intjonathan: (Default)
You've probably heard about this if you've talked to me in the last week, it was a fun project.

The fridge was about 1/3 full of microbrew sixpacks, and when I saw this shiny little counter-height number at Costco, I couldn't resist.
beer fridge by niralisse on Treemo
It's a Sanyo SR-4433S, and Costco had it for $150. They have some similar models online, but none have the freezer compartment design this one has, which turned out to be important.

The optimum environment for storing beer and wine is about 50F, 70% humidity, dark, stable, and steady. As built, the fridge filled all these requirements except the first two. The built-in thermostat was set way too cold, and caused any moisture in the fridge to ice up in the freezer section, removing it from the air. Even on the lowest setting, it never got warmer than 40F. Great for keeping your milk fresh, but terrible for beer. I futzed with it for a few days until I broke down and disassembled the thing. It turned out to be easier than I thought.
beer fridge by niralisse on Treemo
See that coiled up thing in the front? That's the thermocouple for the thermostat. Originally, it ran under the cold plate and through the clips in the back, across the back of the plate. I removed it from the clips, routed it around the front of the cold plate, and coiled it under the coldest part of the plate.
beer fridge by niralisse on Treemo
The thermocouple originally ran under here. The channel under the cold plate is for a drip tray, useful when defrosting but kind of useless in such a warm fridge. Besides, the wine bottles don't fit with the drip tray in.
With the thermocouple confined, I could now lie to it.
beer fridge by niralisse on Treemo
I filled a 1 quart ziploc freezer bag with very salty water and placed it over the thermocouple. Salt water freezes at low temperatures, lower than even direct contact with the cold plate would generate, so the bag would stay close to the thermocouple and not do a bunch of freeze-thaw cycles that would affect temperature stability.
To help out humidity, and offer a buffer to the iced up condensation under the cold plate that builds up when the compressor kicks on, I filled the ice tray with water and put it on the annoyingly placed shelf in the bottom of the fridge.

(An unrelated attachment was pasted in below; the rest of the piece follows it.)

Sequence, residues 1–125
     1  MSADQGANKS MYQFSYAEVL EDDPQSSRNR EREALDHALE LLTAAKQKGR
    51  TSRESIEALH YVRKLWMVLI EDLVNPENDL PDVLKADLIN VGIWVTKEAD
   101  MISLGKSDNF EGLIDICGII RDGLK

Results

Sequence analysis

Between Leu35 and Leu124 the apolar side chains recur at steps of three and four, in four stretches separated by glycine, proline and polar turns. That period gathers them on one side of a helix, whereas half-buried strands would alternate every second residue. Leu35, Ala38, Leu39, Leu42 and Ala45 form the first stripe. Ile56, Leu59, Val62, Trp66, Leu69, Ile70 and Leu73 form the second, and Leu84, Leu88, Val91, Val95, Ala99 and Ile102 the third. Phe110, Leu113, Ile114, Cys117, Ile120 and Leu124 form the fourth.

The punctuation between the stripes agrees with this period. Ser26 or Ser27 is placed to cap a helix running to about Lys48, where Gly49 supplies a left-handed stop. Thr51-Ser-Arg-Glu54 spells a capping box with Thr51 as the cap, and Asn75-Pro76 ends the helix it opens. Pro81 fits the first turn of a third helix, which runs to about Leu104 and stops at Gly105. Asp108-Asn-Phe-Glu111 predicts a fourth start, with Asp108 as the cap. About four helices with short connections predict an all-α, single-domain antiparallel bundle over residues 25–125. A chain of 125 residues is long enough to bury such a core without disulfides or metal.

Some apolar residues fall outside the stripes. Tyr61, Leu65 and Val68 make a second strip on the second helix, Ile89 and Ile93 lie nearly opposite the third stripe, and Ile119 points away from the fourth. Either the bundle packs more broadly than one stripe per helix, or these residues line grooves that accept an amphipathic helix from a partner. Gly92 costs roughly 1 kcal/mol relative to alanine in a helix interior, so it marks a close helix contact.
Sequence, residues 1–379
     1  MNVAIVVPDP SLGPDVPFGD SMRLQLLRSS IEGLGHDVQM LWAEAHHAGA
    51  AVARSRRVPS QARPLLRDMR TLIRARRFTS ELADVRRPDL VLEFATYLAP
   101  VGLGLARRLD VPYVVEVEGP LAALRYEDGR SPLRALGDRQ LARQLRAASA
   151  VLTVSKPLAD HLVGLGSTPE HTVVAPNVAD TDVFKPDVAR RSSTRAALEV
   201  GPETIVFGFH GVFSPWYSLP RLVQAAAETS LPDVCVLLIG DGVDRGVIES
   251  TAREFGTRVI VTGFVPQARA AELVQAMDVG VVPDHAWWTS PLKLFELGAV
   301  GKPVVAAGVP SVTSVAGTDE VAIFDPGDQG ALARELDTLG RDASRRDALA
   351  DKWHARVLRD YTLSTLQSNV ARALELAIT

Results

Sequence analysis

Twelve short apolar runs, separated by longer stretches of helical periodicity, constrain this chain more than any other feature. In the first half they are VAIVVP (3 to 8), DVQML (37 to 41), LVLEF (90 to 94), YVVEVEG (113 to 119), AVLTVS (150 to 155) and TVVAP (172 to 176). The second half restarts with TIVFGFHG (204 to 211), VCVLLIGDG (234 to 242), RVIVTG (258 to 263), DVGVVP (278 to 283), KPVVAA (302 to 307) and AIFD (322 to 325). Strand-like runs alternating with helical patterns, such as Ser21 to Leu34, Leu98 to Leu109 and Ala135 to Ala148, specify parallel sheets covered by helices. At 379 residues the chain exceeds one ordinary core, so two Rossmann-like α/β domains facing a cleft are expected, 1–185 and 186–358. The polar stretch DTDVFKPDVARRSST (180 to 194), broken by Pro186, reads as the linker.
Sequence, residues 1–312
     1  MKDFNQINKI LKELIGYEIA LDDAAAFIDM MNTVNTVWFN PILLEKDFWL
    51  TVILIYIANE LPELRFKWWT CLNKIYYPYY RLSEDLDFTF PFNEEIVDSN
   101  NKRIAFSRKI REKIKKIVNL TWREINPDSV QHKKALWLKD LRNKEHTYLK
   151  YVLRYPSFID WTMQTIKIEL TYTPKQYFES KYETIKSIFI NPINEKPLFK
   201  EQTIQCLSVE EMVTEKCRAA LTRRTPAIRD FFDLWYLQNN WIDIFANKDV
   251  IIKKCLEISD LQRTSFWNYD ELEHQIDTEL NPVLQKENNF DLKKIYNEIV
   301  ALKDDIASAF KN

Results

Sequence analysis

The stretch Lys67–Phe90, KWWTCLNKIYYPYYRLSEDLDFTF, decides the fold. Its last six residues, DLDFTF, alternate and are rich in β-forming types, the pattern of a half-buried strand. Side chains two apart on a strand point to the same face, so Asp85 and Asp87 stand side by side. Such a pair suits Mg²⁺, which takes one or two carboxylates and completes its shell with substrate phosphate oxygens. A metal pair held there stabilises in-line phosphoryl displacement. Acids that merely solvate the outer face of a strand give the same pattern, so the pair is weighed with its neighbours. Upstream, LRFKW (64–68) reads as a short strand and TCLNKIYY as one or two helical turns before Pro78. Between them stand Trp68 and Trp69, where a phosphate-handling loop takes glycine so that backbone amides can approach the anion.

beer fridge by niralisse on Treemo
(I had to put some no-skid stuff under it because the shelf is tilted forward for some reason.) It's not a real credo, but it helps stabilize things until I can get a hygrometer.
With the bag in place, I got another 7F out of it. 46F is as cold as it ever gets now. Not quite the magical 50F, but certainly a big improvement. I'm not sure what other easy tricks I can do to provide a colder environment for the thermocouple. I'm considering encasing it in the chilled water in the ziploc, but I can't quite get at how I would seal it up. The other option is to simply replace the thermostat, it's a very simple design that runs off 110V AC and has a thermocouple and a trigger line. That would cost money and engineering, however, when a little free science seems to have me 80% there.
beer fridge by niralisse on Treemo
It kicks on about 3 times a day, making it very cheap to run, and keeping temperature fluctuation within 2-3F. That, and the beer tastes great!
intjonathan: (Default)
I must be feeling better. My catharsis project for Productive Saturday was a home made pot rack.

Pot racks are great, but if you try and buy one stock, they're at least $50 and go into the hundreds. Then there's the matter of finding one that fits your space, etc. and it can add up to a real hassle. Thinking that was all a bunch of noise, I looked online for a bit and amid the idiot suggestions of using bathroom grab bars, closet rods, and shelving brackets, I settled on 1/2" pipe and s-hooks. The only wild card was attaching the pipe to the wall somehow. I wanted something like a shelf angle bracket, only smaller and in a configuration that would hold the 1/2" pipe without requiring me to drill through it.

After checking all the likely sections at home depot, I concluded that it would be much easier to hang it from the ceiling. I didn't want it to hang very low at all, as I've not a ton of height to work with, so chains were out. I just needed something to screw into the ceiling that I could hang some s-hooks on. Turned out a lot simpler than I thought:

saturday project by niralisse on Treemo

Stainless steel eye bolts and 3" s-hooks anchor the pipe to the ceiling, while 3" zinc-plated s-hooks hold the pots and pans. Screw on some pipe caps and I was good to go. The hardest part was finding a joist, I wanted it further from the adjacent wall, but the joists ran parallel to the wall 16" away, so I had to bring it to within 2" of the wall to find a joist. It's damn secure though, you could do pull-ups off of it.

You could add chains to bring the assembly lower, or use 90 degree fittings to create a square one, whatever you want. If you're stuck attaching it to the wall, you'll need chains and hooks instead of simple eye hooks.

I can't believe I didn't find a design this simple anywhere else online. Internet, it turns out, is no substitute for instincts.

pot rack by niralisse on Treemo

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June 2012

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